Ballast Key

From Wikipedia, the free encyclopedia
Jump to navigation Jump to search
Ballast Key
Ballast Key.jpg
Ballast Key
Ballast Key is located in Florida
Ballast Key
Ballast Key
Ballast Key
Ballast Key is located in Caribbean
Ballast Key
Ballast Key
Ballast Key (Caribbean)
LocationGulf of Mexico
Coordinates24°31′26″N 81°57′51″W / 24.52389°N 81.96417°W / 24.52389; -81.96417Coordinates: 24°31′26″N 81°57′51″W / 24.52389°N 81.96417°W / 24.52389; -81.96417
ArchipelagoFlorida Keys
Adjacent toFlorida Straits

Ballast Key is an island in the Florida Keys in Monroe County, Florida, United States. It is the southernmost point of land in the contiguous United States. It was the last privately owned land within the boundaries of the Key West National Wildlife Refuge.[1]

Located in the Outlying Islands of the Florida Keys, it is one of the Mule Keys that are nine miles (14 km) west of Key West. The island's 26 acres (110,000 m2) were donated by Key West developer David W. Wolkowsky to The Nature Conservancy, who deeded ownership of the land to the United States Fish and Wildlife Service while arranging to manage the resource.[1]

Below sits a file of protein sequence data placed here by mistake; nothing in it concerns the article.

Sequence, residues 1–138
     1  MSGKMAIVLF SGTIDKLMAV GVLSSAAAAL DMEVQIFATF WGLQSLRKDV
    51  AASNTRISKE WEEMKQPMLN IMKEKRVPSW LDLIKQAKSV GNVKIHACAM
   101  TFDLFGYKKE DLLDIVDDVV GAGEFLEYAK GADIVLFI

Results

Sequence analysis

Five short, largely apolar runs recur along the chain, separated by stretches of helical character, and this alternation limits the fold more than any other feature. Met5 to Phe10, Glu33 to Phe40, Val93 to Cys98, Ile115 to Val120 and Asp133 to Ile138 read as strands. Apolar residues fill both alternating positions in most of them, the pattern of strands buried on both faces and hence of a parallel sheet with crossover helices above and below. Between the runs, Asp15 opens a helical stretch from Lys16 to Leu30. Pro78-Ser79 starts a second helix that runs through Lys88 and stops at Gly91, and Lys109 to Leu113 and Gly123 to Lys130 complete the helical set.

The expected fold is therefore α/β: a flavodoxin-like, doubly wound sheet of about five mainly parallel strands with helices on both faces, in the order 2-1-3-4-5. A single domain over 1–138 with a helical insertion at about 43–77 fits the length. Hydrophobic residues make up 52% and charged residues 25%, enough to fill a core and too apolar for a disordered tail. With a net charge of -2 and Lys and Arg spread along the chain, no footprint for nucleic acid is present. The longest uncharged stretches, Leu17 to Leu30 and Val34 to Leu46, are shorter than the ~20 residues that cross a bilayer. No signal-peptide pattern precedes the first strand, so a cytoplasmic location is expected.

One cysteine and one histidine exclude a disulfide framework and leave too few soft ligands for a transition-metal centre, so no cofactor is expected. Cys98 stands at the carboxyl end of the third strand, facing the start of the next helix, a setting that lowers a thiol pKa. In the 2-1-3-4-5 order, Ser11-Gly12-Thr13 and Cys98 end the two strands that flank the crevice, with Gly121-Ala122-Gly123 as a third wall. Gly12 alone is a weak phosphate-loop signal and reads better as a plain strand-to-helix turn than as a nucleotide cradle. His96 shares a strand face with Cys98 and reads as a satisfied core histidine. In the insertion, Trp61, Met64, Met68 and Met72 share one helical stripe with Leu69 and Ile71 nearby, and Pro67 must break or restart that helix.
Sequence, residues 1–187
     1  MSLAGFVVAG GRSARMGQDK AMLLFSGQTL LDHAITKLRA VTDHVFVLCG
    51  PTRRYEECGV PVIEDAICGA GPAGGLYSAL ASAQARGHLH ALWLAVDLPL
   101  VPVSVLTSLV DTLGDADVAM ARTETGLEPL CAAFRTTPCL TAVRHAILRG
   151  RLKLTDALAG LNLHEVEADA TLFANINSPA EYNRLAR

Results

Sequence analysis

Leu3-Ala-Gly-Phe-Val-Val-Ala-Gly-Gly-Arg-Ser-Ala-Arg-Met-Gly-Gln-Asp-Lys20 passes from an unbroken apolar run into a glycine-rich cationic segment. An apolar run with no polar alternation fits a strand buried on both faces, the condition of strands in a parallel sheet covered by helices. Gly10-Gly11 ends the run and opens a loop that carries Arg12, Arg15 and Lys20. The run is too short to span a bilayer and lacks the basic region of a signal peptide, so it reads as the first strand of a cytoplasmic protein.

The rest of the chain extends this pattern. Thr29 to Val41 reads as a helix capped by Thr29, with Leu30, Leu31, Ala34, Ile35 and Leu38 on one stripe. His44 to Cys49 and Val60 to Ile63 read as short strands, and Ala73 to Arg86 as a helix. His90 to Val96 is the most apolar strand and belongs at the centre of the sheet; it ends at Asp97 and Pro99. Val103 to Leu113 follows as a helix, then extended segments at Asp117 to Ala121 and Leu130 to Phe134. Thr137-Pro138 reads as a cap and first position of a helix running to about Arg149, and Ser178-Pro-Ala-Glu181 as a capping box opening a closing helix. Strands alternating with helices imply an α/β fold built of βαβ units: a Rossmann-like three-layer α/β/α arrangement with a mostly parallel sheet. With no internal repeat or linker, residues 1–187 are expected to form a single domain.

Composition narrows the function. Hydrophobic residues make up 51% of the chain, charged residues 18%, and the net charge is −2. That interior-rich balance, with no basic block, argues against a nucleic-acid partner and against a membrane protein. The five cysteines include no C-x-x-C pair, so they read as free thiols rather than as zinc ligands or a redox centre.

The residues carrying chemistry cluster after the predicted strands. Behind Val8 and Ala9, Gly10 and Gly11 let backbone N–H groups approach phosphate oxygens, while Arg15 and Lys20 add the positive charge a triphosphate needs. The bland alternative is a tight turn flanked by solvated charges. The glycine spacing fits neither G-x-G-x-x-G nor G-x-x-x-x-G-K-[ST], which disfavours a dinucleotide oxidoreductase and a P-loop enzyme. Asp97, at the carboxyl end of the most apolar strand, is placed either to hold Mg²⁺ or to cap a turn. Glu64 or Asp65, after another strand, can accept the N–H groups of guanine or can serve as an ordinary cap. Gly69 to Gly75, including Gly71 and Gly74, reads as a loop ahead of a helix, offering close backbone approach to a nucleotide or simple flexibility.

Ballast Key had a cameo appearance in the Bond movie Licence to Kill and it and Mr. Wolkowsky made the pages of the novel as well. "David, it's James, James Bond...I've broken into your island. I hope you don't mind", reads a passage in the book. It is also used in the final scene of the 2015 science fiction thriller Self/less. Over the years, Wolkowsky has hosted numerous artists, writers and celebrities on Ballast Key, including Jimmy Buffett, Tennessee Williams, Truman Capote, Nancy Friday, Judy Blume, John Hersey, John Malcolm Brinnin, Richard Wilbur, Robert Stone, British prime minister Edward Heath, Prince Michael of Greece, Tony Richardson, Timothy Greenfield-Sanders, The Bee Gees, Gloria Estefan, Natica Waterbury, Lucius Beebe, Lady Caroline Blackwood, and an occasional Vanderbilt, Rockefeller, Mellon, and Duke.

Tennessee Williams often painted canvases while visiting David Wolkowsky on Ballast Key in the late 1970s and early 1980s.

Ballast Key features a main house with four bedrooms and a master suite, and a fully equipped three-bedroom guesthouse overlooking a palm tree-lined sand beach. Water is supplied to the homes by desalination.


  1. ^ a b Driscoll, Amy (2019-04-19). "Key West's Wolkowsky donates island for environmental preservation". Miami Herald. Retrieved 2019-08-03.